Climate still tough for industry and its reputation

If the Insurance industry needed any reminder that climate campaigners are not in any mood to ease their pressure on the industry to play its part in the fight against global warming it arrived this week.

Lloyd’s CEO John Neal held a meeting with the members of the Insure Our Future network which has been part of a concerted campaign to get the world’s oldest insurance market to put down clear markers as to when it will prohibit the underwriting of fossil fuels by its syndicates.

If Neal and the Lloyd’s team had hoped that the meeting would signal the start of an end to the campaigners’ criticism of the market it seems they have been badly wrong.

The Lloyd’s CEO met with Lindsay Keenan, european coordinator of Insure Our Future, and Mia Watanabe, UK campaigner at Market Forces. The pair said the meeting “revealed major problems with how Lloyd’s, and in particular its CEO, is addressing the climate crisis”.

They added that in “stark contrast to statements made by Lloyd’s Council Chairman, Bruce Carnegie Brown, and what is clearly written in Lloyd’s December 2020 ESG report, Neal stated that in his view Lloyd’s ESG policy was nothing more than a ‘provocative discussion document’”.

They also claimed that Neal has said following the publication of the report, he had been contacted and lobbied by regulators, corporations, and state and national officials from around the world who said they were against the ESG policy and concerned about its ambitions. He also confirmed that Lloyd’s had subsequently informed its members the ESG commitments were non-mandatory guidelines.

“It is a serious problem that John Neal has not been well enough briefed, or is just personally sceptical, about climate science and the findings of the International Energy Agency. An ESG policy touted by Carnegie-Brown as a ‘plan for becoming a truly sustainable insurance market’ has, under John Neal, become nothing more than a ‘discussion document’ that syndicates can take or leave as they see fit. It is abundantly clear that John Neal prioritises profits at the cost of people and planet, and that under his leadership Lloyd’s policies fail to match its climate rhetoric,” said Lindsay Keenan, European Coordinator of Insure Our Future following the meeting.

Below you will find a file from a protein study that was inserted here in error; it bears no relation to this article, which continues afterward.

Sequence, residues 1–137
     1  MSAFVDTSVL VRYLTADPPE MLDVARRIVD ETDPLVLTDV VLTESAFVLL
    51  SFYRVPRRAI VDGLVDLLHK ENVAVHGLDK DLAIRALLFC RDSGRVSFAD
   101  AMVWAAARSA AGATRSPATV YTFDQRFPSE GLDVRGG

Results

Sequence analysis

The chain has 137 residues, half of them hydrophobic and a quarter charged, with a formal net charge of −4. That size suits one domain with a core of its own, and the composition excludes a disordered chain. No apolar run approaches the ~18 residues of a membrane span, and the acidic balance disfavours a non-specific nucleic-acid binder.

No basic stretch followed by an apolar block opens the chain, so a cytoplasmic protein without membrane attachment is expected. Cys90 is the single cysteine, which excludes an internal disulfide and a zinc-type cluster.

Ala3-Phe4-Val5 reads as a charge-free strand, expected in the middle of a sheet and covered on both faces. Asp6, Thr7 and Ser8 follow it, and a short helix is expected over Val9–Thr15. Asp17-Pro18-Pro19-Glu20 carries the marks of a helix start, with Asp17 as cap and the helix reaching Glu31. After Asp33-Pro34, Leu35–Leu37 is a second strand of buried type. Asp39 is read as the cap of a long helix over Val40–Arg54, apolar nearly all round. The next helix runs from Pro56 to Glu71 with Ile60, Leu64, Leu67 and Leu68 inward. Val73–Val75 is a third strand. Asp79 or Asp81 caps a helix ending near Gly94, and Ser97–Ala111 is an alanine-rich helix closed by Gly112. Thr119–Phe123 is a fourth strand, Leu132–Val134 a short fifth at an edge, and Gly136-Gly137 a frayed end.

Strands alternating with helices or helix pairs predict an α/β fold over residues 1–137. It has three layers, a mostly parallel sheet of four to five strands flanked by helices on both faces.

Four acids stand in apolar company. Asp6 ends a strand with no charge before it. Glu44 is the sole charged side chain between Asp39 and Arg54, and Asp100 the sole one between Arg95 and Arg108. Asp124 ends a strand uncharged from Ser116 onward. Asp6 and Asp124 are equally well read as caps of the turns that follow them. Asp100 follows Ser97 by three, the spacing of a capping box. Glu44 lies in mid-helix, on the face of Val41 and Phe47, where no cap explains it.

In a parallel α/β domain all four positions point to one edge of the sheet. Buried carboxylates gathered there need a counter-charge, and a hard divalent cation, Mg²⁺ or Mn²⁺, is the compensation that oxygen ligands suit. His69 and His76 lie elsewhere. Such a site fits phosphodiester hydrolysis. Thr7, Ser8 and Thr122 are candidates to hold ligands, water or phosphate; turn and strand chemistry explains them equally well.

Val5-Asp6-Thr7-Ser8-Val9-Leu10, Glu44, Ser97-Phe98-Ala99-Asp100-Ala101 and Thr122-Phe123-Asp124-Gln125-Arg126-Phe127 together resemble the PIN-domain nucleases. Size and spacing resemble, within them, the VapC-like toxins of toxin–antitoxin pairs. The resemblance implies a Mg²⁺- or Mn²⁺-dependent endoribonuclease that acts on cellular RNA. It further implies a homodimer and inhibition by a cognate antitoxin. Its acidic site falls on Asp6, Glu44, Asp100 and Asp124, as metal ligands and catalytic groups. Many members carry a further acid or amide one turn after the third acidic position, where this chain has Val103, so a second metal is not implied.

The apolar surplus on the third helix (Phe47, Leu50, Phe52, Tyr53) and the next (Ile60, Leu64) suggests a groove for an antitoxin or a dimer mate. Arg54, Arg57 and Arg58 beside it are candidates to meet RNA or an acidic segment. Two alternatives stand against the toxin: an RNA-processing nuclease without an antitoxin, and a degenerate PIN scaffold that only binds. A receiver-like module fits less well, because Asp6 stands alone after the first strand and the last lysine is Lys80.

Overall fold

The campaign group’s statement made it clear that they felt Lloyd’s was not doing enough although it added that Neal had said that the UK competition law precluded the market from enforcing any ban ion the underwriting of specific risks.

Keenan’s requested that Lloyd’s invite Insure our Future members, climate scientists and impacted communities to meet with the Lloyd’s Council and ESG committee, and for Neal to join him in a public debate to clarify and discuss Lloyd’s policies.

The industry does have a major problem on its hands during the next 30 years and as the world moves to a net zero future will require the use of fossil fuels to change as the market moves towards clean and sustainable energy sources.

Many (re)insurers have publicly stated their support for the energy companies goes above and beyond the assumption of their current risks. They are also looking to support their transition to sustainable energy production. Indeed insurers will have a vital role to play in support the new breed of sustainable energy firms.

This week however has proved there is a significant disconnect between the role the industry believes it is and has to play with that of the role campaigners believe they should and could be playing.

The big concern is that the ongoing trial of the industry’s role is set to be heard in the court of public opinion, at a time when, ESG, climate change and its impact is growing in the global psyche.

Jon Guy,

Editor, Emerging Risks

The campaign group’s statement made it clear that they felt Lloyd’s was not doing enough although it added that Neal had said that the UK competition law precluded the market from enforcing any ban on the underwriting of specific risks.

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